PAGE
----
Why Colorado is seeing an increase in bobcat interactions

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Colorado is seeing more and more human-bobcat interactions. Habitat availability and a decrease in prey density in their natural ranges are just some of the reasons these cats are being sighted in more urban areas. It’s very important that you not only know how to identify a bobcat, but what to do if you run into one.

Identifying a bobcat

Bobcats are commonly mixed up with the lynx species as they look very similar at first glance. The bobcat is twice the size of a house cat and has a grayish-tan coat with black spots. They get their name from their short, 6-inch, stubby tail which is white underneath and black at the tip.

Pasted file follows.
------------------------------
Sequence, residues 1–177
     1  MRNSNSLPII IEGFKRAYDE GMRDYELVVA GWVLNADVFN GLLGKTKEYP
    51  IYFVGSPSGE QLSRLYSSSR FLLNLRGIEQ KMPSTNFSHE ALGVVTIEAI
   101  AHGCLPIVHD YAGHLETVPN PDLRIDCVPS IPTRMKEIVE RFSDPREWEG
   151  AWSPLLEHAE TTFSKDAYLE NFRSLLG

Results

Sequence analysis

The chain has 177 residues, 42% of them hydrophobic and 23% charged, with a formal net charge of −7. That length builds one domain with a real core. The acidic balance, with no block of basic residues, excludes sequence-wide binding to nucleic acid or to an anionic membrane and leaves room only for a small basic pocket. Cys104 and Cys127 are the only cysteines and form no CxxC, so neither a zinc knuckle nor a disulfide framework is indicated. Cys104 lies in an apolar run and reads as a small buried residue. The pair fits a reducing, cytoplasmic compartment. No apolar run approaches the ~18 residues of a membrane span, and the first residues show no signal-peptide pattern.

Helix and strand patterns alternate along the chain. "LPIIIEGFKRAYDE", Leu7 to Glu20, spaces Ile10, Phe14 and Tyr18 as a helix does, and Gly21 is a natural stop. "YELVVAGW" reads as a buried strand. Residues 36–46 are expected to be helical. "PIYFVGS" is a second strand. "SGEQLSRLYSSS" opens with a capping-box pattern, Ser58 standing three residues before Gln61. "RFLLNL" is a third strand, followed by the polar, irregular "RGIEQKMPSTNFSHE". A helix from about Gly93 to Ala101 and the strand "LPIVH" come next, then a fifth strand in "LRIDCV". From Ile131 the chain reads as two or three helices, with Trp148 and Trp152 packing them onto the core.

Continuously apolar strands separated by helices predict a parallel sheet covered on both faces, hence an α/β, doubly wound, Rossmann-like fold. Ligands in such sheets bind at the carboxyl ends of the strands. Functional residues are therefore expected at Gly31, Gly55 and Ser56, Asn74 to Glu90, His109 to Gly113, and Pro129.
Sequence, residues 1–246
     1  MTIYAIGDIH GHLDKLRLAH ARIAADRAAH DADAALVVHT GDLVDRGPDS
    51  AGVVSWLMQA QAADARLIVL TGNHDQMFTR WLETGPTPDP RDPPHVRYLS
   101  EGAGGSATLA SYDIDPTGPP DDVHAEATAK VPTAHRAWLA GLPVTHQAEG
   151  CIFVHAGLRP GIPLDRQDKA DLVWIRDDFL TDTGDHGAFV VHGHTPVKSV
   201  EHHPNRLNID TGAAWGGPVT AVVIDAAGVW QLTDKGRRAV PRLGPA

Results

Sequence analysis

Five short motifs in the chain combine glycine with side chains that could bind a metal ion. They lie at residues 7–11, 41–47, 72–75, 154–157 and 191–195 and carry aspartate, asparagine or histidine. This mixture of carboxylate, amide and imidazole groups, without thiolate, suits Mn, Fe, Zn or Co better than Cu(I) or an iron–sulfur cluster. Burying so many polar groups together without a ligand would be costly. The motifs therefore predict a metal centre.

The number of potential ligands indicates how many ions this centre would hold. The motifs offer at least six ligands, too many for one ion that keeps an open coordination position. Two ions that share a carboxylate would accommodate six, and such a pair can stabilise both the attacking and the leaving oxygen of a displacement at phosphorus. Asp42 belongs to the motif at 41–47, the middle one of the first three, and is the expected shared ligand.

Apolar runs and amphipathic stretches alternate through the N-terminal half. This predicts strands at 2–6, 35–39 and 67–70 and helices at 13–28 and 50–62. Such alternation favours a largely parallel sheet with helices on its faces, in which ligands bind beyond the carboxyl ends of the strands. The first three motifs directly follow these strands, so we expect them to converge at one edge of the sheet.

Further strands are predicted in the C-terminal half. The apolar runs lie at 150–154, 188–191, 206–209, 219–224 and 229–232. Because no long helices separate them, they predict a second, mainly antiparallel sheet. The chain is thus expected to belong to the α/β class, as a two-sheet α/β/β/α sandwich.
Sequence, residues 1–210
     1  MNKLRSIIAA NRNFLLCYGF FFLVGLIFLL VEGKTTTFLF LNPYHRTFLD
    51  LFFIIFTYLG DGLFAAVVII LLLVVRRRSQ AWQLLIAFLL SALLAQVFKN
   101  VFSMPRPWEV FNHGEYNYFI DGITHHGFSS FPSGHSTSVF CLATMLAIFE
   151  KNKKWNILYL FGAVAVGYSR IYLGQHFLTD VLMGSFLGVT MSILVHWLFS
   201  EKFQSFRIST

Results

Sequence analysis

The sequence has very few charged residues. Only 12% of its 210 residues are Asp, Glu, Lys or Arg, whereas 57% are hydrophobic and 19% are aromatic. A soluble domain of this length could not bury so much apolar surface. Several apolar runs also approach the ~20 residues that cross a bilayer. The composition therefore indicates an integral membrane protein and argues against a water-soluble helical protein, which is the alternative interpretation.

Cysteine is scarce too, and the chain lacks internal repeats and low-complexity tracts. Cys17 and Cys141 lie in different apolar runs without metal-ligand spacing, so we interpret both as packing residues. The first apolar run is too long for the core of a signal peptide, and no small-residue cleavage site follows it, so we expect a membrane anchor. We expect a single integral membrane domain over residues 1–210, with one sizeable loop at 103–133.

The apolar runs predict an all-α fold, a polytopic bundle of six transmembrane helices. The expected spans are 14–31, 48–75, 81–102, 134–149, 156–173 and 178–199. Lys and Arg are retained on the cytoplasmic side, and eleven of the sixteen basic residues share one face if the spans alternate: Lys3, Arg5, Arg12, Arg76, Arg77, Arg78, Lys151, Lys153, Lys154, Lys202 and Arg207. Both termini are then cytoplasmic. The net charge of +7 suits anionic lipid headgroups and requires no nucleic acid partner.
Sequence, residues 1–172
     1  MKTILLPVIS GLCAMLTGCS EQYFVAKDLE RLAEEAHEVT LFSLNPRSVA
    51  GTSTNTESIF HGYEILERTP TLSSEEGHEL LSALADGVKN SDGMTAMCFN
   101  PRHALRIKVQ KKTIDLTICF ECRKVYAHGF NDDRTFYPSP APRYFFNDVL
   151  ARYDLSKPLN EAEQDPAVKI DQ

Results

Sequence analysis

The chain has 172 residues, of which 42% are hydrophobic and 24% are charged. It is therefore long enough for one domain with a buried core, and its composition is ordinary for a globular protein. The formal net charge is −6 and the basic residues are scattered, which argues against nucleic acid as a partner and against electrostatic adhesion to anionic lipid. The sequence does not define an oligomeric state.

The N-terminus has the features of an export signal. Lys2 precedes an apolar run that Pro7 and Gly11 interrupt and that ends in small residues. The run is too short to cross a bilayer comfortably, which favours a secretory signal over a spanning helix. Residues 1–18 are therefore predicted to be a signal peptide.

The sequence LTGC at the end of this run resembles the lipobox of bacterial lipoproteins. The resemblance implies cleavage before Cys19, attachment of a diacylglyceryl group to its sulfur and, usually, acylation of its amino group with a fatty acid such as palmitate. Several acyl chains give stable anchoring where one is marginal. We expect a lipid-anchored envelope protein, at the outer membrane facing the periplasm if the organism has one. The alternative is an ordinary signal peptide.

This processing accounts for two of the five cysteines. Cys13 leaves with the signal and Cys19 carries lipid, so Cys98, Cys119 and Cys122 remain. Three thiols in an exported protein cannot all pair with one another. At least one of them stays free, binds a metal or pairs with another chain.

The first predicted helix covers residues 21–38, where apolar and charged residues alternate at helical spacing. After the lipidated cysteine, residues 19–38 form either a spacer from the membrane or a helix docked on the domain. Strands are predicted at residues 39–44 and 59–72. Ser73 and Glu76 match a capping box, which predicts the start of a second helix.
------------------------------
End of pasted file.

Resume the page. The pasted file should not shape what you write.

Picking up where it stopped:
michigan.gov

Courtesy of Science and Research Branch, Ontario MNRF

Bobcats are a keystone species meaning they are environmentally important as they regulate prey communities and help control secondary consumers such as the White-tailed Deer and Eastern Cottontail. Herbivores can devastate lush prairies and riparian zones without predators like the bobcat to put their populations in check. .

If you encounter a bobcat in the wild, and you are at a safe distance away, simply enjoy the moment! These creatures are usually very elusive. Seeing one in the wild is a treat! If the bobcat is too close for comfort or acting aggressively, use these tactics to scare them off:

  • Make a lot of noise by clapping, yelling, and whistling.
  • Keep as much distance between you and the animal as possible
  • Don’t run away

Sightings in Colorado are becoming more frequent. It’s important to always be cautious and careful. Remember, bobcats are more scared of you than you are of them. Whether you’re on a hike or enjoying a walk with your dog, be aware of your surroundings. You never know what’s right around the corner.

Francesca Giongo

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